The school believes that art is a vital part of children’s education, with a significant and valuable role in the taught curriculum and the enrichment opportunities we offer our pupils. The art curriculum will develop children’s critical abilities, as well as an understanding of their own and others’ cultural heritages through the study of a diverse range of artists.
Children will develop their understanding of the visual language of art with effective teaching and considered sequences of lessons and experiences. Understanding of the visual elements of art and design (line, tone, texture, colour, pattern, shape, 3D form) will be developed by providing a curriculum which will enable children to reach their full potential.
The skills and knowledge that children will develop throughout each art topic are mapped across each year group and are progressive throughout the school. The emphasis on knowledge ensures that children understand the context of the artwork, as well as the artists that they are learning about and being inspired by. This enables links to other curriculum areas, including humanities, with children developing a considerable knowledge of individual artists, as well as individual works and art movements. A systematic approach to the development of artistic skills means that children are given opportunities to express their creative imagination, as well as practise and develop mastery in the key processes of art: drawing, painting, printing, textiles and sculpture.
Each new unit of work begins with a recap of the previous related knowledge from previous years. This helps children to retrieve what they have learnt in the earlier sequence of the programme of study, and ensures that new knowledge is taught in the context of previous learning to promote a shift in long term memory. Key vocabulary for the new topic is also introduced as part of this ‘unit introduction’ and children are shown the ‘Topic Vocabulary (TV) Mat. This provides definitions and accompanying visuals for each word to ensure accessibility to all. This approach also means that children are able to understand the new vocabulary when it is used in teaching and learning activities and apply it themselves when they approach their work.
The KWL process is used throughout each unit of work. Once children know the new vocabulary for the unit and how it relates to previous learning, the children are asked what they already know specifically about the new topic. This provides the teacher with an insight into the children’s ‘starting points’ for the topic, to enable the use of assessment to inform planning. The children are then also asked what they would like to know and class responses are collated and used to inform the programme of study to ensure an aspect of ‘focussed interest planning’. A record of this process is kept in children’s sketchbooks. At the end of the topic, children write a summary of what they know according to the key knowledge statements identified on the school’s progression map for Art and Design (as worded on the TV Mat of the topic). Teachers support the children and scaffold this ‘knowledge summary’ as appropriate, according to the children’s age group as well as individual needs. This process is used to consolidate the key knowledge of the topic and each strand of knowledge included in the outcomes is ticked or highlighted.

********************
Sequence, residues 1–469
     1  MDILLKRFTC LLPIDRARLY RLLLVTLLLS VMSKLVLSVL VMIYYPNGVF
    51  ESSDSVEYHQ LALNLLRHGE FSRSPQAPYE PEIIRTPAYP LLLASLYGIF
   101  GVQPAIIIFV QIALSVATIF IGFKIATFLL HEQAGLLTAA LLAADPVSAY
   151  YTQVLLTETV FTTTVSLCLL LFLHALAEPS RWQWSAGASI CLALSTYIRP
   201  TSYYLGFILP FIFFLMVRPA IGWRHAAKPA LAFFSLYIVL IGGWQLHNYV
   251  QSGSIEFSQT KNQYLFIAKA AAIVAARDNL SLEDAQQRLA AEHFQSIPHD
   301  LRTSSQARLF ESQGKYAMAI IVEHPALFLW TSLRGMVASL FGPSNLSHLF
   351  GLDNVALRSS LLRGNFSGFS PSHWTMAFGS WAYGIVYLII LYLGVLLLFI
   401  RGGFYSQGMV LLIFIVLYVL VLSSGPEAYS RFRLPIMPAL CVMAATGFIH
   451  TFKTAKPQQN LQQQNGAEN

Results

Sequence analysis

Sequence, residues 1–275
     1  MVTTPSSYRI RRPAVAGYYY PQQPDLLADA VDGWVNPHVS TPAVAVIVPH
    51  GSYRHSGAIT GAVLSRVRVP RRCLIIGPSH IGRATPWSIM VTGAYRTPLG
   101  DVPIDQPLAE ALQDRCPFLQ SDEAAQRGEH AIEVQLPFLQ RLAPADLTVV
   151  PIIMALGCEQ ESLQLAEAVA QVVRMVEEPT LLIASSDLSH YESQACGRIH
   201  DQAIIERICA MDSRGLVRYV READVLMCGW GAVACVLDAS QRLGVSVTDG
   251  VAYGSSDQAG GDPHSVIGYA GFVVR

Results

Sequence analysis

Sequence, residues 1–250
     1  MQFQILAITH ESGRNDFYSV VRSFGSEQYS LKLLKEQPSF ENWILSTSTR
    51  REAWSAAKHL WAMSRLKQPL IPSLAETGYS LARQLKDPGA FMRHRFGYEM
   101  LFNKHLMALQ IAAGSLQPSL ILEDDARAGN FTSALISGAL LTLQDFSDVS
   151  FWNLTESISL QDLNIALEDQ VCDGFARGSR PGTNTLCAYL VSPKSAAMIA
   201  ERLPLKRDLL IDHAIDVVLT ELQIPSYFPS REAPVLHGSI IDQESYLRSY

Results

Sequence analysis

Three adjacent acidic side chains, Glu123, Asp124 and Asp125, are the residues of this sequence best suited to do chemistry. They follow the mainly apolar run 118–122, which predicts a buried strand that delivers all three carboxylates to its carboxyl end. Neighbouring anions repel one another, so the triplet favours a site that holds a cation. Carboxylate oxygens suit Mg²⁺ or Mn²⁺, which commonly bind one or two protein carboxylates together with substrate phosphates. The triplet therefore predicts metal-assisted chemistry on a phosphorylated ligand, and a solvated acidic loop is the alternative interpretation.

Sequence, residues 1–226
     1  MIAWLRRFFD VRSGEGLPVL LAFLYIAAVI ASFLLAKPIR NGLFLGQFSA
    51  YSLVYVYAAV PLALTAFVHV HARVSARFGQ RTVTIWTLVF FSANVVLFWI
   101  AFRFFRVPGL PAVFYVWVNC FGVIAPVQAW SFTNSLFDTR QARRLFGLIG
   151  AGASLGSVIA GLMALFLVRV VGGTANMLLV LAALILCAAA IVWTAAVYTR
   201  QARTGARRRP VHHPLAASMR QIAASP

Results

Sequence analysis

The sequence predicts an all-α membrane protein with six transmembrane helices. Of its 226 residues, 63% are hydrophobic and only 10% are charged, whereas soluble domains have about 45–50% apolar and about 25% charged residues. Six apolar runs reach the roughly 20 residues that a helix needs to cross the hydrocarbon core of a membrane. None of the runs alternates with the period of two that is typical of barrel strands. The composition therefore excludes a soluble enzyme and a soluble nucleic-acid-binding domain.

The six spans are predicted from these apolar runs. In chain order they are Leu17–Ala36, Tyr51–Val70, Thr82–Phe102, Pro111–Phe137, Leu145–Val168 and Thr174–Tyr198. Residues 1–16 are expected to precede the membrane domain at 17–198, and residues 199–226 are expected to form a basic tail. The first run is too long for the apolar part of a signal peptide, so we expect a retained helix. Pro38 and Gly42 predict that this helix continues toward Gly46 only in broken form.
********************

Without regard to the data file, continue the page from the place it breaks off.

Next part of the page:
Within all lessons, teachers plan a phase of progressive questioning which extends to and promotes the higher order thinking of all learners. Questions initially focus on the recall or retrieval of knowledge. Questions then extend to promote application of the knowledge in a new situation and are designed to promote analytical thinking, such as examining something specific. The questions that teachers ask within the same lesson phase, then focus on the children’s own work and how they might change or create an outcome, and justify a choice they have made which is based on their evaluation.
Co-ordinated whole-school project work ensures that Art and Design is given high status in the curriculum. This includes the school’s participation in the annual ‘Big Arts Day’ which enables further focus on children’s artistic skills and knowledge of a diverse range of artists.
The school’s high-quality art curriculum is supported through the availability of quality resources, which are used to support children’s confidence in the use of different media. The school’s unique locality is also utilised, with planned opportunities for learning outside the classroom, as well as the involvement of adults with specialist skills from the local and wider community.
The structure of the art curriculum ensures that children are able to develop their knowledge and understanding of the work of artists, craftspeople and designers from a range of times and cultures and apply this knowledge to their own work. The consistent use of children’s sketchbooks means that children are able to review, modify and develop their initial ideas in order to achieve high quality outcomes. Children learn to understand and apply the key principles of art: line, tone, texture, shape, form, space, pattern, colour, contrast, composition, proportion and perspective. The opportunity for children to refine and develop their techniques over time is supported by effective lesson sequencing and progression between year groups. This also supports children in achieving age related expectations.
Classroom displays reflect the children’s sense of pride in their artwork and this is also demonstrated by creative outcomes across the wider curriculum. The school environment celebrates children’s achievements in art and demonstrates the subject’s high status in the school, with outcomes, including sculptures, enhancing the outdoor, as well as indoor, environment.
The Art and Design curriculum at William Patten contributes to children’s personal development in creativity, independence, judgement and self-reflection.